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Could birth control pills build a bulwark against asthma?
New research suggests that hormonal contraceptives, which alter the natural ebb and flow of female hormones, may do just that.
A study of more than half a million women in the United Kingdom found that those who used hormonal contraceptives -- be it pills or patches or shots -- had a significantly lower risk of developing asthma than women who did not.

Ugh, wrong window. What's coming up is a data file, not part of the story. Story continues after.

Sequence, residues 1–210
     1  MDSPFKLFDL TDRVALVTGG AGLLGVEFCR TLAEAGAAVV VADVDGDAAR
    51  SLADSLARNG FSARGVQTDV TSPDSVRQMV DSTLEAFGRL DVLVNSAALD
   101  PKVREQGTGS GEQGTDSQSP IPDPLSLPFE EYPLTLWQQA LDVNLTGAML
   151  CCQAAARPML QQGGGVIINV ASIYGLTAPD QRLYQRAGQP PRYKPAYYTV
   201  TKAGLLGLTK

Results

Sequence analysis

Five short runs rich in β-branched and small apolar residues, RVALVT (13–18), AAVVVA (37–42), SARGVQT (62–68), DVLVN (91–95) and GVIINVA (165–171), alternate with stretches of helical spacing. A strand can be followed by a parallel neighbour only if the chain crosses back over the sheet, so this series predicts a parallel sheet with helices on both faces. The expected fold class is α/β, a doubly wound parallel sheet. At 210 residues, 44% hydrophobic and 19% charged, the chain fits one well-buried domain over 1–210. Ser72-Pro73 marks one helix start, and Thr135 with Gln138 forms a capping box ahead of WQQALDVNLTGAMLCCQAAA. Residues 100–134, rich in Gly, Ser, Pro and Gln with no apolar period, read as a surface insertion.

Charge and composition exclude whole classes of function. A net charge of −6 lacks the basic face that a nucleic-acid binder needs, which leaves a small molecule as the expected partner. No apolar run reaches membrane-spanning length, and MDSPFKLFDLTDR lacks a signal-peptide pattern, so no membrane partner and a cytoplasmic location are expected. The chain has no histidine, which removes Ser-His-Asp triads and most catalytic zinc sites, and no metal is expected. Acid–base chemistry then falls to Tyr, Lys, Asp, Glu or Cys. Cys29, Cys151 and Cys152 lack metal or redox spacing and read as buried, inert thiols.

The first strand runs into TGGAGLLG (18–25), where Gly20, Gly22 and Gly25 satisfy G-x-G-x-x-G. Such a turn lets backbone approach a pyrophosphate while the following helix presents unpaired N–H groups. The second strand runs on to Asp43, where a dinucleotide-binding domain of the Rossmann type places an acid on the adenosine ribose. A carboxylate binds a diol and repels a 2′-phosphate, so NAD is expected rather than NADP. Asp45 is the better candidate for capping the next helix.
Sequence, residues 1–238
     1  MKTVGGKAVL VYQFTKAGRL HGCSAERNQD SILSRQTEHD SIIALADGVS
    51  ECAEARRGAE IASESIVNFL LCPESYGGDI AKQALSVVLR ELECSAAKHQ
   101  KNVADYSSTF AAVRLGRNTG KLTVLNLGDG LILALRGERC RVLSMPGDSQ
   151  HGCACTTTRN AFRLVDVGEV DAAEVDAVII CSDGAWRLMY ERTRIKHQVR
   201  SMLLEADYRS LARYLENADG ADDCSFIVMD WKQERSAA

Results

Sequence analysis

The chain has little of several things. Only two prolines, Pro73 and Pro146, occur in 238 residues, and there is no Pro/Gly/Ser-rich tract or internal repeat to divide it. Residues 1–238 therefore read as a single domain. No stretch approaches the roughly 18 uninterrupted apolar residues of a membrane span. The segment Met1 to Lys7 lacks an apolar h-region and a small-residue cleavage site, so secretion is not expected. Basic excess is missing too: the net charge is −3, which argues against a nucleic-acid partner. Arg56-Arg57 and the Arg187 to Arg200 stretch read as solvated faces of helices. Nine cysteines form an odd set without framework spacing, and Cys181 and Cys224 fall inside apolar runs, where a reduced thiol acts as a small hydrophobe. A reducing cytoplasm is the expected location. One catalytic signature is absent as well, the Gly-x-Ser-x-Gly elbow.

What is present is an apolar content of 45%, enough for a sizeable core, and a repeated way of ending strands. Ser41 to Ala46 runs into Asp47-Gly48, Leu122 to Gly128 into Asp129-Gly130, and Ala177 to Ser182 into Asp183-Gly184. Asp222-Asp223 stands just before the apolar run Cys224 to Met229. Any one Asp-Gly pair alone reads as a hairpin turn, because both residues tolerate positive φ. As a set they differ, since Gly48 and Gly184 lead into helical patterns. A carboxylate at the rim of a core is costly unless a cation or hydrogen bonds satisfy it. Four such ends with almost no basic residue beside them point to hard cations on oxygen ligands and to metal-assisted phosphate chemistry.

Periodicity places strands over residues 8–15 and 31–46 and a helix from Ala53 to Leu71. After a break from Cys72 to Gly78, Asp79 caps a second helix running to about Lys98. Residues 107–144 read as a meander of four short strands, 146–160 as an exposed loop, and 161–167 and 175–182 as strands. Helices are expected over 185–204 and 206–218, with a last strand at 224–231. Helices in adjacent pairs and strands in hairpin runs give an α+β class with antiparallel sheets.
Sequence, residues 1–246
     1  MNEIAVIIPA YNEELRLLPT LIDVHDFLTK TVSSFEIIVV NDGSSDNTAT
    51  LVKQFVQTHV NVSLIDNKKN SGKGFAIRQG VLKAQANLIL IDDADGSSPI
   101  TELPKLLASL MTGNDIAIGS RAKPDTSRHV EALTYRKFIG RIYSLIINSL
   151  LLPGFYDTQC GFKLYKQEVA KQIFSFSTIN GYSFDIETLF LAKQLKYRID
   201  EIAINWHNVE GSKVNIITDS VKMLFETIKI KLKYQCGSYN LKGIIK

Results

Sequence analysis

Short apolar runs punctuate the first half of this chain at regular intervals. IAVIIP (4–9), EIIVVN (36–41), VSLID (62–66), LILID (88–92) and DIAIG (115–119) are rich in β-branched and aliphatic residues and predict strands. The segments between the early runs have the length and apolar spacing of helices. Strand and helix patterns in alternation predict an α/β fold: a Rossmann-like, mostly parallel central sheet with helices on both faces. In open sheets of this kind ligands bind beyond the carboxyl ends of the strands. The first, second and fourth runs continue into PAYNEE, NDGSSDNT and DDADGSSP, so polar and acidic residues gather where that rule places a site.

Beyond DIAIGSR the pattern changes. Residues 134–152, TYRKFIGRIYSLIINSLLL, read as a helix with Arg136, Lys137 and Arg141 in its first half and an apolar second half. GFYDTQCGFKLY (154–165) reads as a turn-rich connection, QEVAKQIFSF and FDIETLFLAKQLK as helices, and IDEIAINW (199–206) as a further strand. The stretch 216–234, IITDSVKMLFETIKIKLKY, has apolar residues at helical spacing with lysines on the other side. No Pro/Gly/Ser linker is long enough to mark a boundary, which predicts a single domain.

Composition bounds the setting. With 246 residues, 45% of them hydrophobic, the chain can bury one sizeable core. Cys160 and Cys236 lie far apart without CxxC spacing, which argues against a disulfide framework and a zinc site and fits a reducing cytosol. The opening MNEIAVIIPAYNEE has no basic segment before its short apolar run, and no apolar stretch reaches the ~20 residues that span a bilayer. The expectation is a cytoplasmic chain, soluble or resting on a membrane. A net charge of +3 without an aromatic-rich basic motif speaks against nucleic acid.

Female hormones have a mysterious relationship with asthma. Asthma is more common in boys than in girls during childhood, but after puberty women are more at risk for developing asthma and more likely to experience severe symptoms.
Every hormonal event in a female's reproductive cycle -- puberty, menstruation, pregnancy, and menopause -- has been shown to cause asthma-related ripple effects in some women who already have asthma.
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